Hot vs Cold Water Washing & Fungi – Which is Better?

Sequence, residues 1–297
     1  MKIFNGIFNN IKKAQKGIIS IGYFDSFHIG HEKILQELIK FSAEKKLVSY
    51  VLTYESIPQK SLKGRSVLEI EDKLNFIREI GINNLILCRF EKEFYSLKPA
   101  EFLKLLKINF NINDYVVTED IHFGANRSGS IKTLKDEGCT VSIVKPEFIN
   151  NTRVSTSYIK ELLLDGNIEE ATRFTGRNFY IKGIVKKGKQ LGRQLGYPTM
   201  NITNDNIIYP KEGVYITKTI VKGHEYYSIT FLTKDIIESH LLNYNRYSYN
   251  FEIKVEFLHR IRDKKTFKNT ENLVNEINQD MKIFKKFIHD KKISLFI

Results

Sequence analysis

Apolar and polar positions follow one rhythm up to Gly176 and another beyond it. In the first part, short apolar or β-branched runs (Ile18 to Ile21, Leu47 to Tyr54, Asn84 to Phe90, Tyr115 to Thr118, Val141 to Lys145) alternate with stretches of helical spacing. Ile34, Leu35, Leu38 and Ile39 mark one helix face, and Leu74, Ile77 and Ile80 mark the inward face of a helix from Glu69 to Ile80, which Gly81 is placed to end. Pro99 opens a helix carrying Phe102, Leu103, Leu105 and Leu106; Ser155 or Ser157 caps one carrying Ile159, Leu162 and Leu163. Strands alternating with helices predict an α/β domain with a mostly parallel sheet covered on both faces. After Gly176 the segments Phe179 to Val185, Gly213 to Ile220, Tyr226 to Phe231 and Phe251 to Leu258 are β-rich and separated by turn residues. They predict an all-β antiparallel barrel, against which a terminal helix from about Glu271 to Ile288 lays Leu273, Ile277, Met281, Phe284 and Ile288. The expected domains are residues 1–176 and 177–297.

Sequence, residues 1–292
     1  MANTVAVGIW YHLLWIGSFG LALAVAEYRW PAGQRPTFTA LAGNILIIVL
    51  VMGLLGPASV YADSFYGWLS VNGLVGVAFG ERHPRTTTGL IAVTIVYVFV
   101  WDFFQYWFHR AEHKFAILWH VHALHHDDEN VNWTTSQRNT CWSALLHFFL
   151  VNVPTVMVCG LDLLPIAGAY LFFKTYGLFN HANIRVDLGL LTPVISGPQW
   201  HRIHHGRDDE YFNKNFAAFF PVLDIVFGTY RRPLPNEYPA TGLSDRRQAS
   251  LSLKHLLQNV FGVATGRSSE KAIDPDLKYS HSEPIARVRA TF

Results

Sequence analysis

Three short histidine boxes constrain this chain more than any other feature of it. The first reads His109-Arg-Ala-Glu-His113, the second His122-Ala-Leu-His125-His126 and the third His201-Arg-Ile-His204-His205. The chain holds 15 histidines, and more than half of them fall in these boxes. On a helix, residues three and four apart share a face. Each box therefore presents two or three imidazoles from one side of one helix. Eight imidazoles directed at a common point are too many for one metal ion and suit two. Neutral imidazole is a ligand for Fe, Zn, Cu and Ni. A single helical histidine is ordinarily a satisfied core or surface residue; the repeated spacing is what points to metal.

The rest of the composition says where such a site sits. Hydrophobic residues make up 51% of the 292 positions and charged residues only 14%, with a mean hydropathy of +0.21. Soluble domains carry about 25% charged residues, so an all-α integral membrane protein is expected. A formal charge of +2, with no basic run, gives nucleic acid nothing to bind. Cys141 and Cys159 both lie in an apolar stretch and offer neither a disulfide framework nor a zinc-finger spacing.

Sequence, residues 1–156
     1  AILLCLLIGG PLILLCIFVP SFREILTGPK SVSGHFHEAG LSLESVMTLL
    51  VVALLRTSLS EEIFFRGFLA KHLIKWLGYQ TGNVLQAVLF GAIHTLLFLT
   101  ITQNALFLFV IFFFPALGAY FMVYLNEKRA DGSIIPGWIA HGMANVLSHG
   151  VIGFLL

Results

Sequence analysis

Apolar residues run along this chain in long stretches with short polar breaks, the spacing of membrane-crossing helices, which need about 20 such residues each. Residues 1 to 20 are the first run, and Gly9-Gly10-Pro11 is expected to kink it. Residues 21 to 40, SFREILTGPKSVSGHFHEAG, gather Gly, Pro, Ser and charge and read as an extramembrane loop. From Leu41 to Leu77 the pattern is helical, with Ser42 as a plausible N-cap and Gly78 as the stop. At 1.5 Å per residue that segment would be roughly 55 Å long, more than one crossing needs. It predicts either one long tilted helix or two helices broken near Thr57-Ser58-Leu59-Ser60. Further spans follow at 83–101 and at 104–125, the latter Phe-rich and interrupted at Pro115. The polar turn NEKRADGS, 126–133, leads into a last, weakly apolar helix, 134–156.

If you're dealing with water damage building interiors, or just wondering what is the best way to clean textiles and clothing that might have become mould contaminated - you might be thinking, why can't I just put them all into the washing machine? Your next question might be: is there something I can do to the washing cycle that will help reduce the population of any germs that might be on those textiles? The answer is yes, there is an optimal way of washing your clothing to remove specific germs like classes of fungi that cause skin and nail infections. These fungi are termed dermatophytes and are superficial fungal infections that colonize the skin, hair or nails. This group of fungi thrive in moist areas of the skin and are easily transferred to clothing and towels and they are also found in soil. The statistics around dermatophytes report that 20 to 25% of the world's population is currently infected with a dermatophyte fungus. A paper that was published in late May 2022, looked at whether you could freeze material contaminated with dermatophyte fungi, or heat them up in a laundromat or domestic dryer, or whether it was best to wash them – and if so, what’s the best way to reduce the viability of these dermatophytes? This is an interesting question because although dermatophyte fungi are specific causative agents of skin, hair and nail infections they nevertheless represent a class of fungi that if we understand how they respond to the washing cycle - then this could extend to other types of fungi found in the home, on the floor, or on porous personal items of personal property that might benefit from being washed. So the central question of this live stream is: hot cycle versus cold cycle versus heat drying versus freezing - which is better? To answer this question, I'm going to summarize the key findings of a paper that came out in the Journal of Fungi which looked at how to test between these different treatments. What the scientists did was deliberately contaminate gauze pads with three of the most common fungi that affect humans (Trichophyton tonsurans, Trichophyton rubrum and Trichophyton interdigitale). We know the effects of these fungi when they attack feet and other moist skin areas and cause, for example, Athlete's Foot. We should also respect the fact that these fungi are easily transmitted. Think – of contact with infected individuals or even skin contact with inanimate objects like flooring. And so what the scientists did was they deliberately infected small gauze pads and then cleaned them in different ways. The. They looked at the recovery rate for the dermatophyte fungi. Successful cleaning meant there were no fungi recovered. The first treatment looked at how temperature and cleaning time impacted on fungal recovery. The next question for the washing machine method was whether adding detergent helps? Another cleaning method looked at whether freezing the textile gauze pad could kill the fungi? The results are compelling:•Low temperature washing for example, at 40 degrees Celsius for 100 minutes with or without detergent did not reduce the viability of Trichophyton fungi. •Increasing the temperature to either 60 degrees Celsius or 90 degrees Celsius for either 100 minutes or 150 minutes resulted in the loss of viability for Trichophyton fungi. •The higher temperature was effective with or without detergent. •Unfortunately, heat drying the contaminated material in either a domestic machine or a laundromat machine for anywhere from 10 minutes to 150 minutes, did not reduce the population viability of Trichophyton fungi. •And somewhat counter-intuitively, it was not possible to freeze the fungus and cause it to stop growing even if freezing was carried out for one day, two days, or even seven days – the persistent viability of the Trichophyton fungi was preserved. The take-home message, therefore, was that domestic washing machines with or without detergent are hig